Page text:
Monday, January 16, 2006

Effectively Building Tricep Muscles

The key to building the tricep muscles is not turning the workout into a marathon. Efficiency and productivity are the keys to building tricep muscles. Actually, those are the keys to building any muscle.

Well-built triceps are essential to upper body strength. Not only that, there's something pretty awesome about a powerful, well-defined pair of triceps busting out of the sleeves of your shirt. Strong tricep muscles are important to building chest mass, since the triceps play such a big part in all chest work.

You need to continually make gains in tricep size and power if you're going to handle the heavier weights that are required for chest training. That's also true for shoulder work. Without strong tricep muscles, you'll have trouble training shoulders with maximum weight and intensity.

When building the tricep muscles, you only need 2 or 3 exercises to get results. You want to pick exercises that not only help you build muscle in that area, but ones that do not put any undue stress on the joints of the elbows.

One of the best exercises for building the tricep muscles is the tricep pushdowns using a cambered bar on the cable machine. Stick with 2 or 3 warm up sets, followed by 2 or 3 heavy sets of tricep pushdowns.

Another great exercise for building the tris are lying tricep extensions with an EZ curl bar. The key to these are to lower the bar a little behind your head, not directly to the forehead. Bringing the bar down to the forehead puts too much stress and strain on the elbows.

Close-grip bench presses are probably my third choice for building the muscles of the triceps. In fact, even if you stuck with these 3 mass builders, your triceps would be ahead of most peoples.

You can also use 1-arm pushdowns on the cable machine as well as 1-arm tricep extensions using a dumbbell and lowering it behind the head. Tricep kickbacks are probably my last choice for building triceps. They don't allow you to use a lot of weight, so the overload capabilities are limited.

Master these tricep exercises and try to use more weight and intensity when doing them. I can assure you, if you do that, you'll start building your tricep muscles faster than anything else you do.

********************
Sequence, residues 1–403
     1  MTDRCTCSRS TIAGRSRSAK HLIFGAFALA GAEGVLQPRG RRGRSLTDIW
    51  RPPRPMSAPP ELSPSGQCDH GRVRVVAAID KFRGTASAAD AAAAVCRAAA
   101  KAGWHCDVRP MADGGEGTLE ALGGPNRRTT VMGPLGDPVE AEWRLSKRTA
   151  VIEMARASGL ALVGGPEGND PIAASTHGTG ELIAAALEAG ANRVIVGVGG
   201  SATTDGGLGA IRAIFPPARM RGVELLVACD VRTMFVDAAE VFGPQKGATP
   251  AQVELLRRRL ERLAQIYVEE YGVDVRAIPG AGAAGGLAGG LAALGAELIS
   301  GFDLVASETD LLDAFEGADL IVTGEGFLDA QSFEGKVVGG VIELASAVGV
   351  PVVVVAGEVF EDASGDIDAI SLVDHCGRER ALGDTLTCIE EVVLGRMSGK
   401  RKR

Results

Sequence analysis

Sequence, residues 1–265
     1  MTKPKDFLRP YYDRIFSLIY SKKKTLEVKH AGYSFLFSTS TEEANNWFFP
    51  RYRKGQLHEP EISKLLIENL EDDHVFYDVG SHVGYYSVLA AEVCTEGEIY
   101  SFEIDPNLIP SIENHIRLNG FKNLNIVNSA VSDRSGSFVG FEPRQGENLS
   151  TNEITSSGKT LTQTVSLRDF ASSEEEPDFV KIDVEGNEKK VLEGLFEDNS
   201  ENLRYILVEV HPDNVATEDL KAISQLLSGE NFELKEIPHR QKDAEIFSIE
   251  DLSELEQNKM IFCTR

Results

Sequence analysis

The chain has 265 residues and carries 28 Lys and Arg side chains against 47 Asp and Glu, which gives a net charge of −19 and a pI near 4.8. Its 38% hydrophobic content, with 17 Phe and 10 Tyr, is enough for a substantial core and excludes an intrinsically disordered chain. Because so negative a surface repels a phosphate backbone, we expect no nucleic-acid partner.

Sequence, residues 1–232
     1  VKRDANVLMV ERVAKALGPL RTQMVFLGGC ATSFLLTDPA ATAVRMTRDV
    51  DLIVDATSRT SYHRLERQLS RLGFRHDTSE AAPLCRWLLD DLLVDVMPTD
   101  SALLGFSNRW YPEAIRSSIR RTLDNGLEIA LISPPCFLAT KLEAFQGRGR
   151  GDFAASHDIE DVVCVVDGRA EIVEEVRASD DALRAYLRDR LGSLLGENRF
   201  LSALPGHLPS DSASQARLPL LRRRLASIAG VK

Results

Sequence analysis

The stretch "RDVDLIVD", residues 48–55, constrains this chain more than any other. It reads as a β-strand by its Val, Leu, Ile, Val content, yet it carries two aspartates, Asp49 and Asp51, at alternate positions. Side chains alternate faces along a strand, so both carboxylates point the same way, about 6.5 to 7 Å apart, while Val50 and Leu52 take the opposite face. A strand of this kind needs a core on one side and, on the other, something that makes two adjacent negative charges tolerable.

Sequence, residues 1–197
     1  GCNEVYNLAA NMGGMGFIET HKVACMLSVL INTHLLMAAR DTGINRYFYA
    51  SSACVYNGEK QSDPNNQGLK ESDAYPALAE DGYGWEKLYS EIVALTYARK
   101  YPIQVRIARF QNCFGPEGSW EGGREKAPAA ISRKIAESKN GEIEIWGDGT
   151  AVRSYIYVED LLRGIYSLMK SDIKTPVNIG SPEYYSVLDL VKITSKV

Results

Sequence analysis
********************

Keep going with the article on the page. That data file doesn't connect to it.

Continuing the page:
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Wednesday, January 11, 2006

Can You Build Muscle While Training At Home?

One question I'm asked a lot is whether or not my programs can be used to build muscle at home. And without a doubt, the answer is yes.

Working out at home can be very effective for building muscle, increasing strength, and losing fat. The truth is, you don't need some fancy gym or high-powered machine to see results.

I know of many championship physiques that were built at home, with nothing more than a set of dumbbells and a utility bench. The key to training at home effectively is, well, actually working out. I know people who have good intentions of lifting at home, but are then easily distracted by the kids, by the need to cook dinner, or by their favorite TV show.

If you're serious about building muscle and getting the body you've always wanted, you can't let anything stand in your way. That's why it's important to establish a set time to work out. Make it an appointment that you must keep. Don't let anything come between you and this time.

Try to set up your home gym away from all distractions. Me, I have a completely separate finished room in the basement to train in. It's away from all the noise and distractions.

Next, all you need to build muscle at home is a good set of dumbbells, in which you can keep adding weights to. Also, a straight barbell would come in handy, so you can do bicep curls, shoulder presses, and back rows. You also want additional free weights you can keep adding to it.

And finally, a good utility bench that you can do presses and other exercises on. Total set up should cost no more than $200, which is less than the cost of a 6-month membership at most gyms. So, not only is the cost minimal, the amount of space you need to store it all is minimal too.

The biggest factors in weight training to build muscle at home are:

1. Making sure you do it when you're supposed to. Set a time each night and stick to it.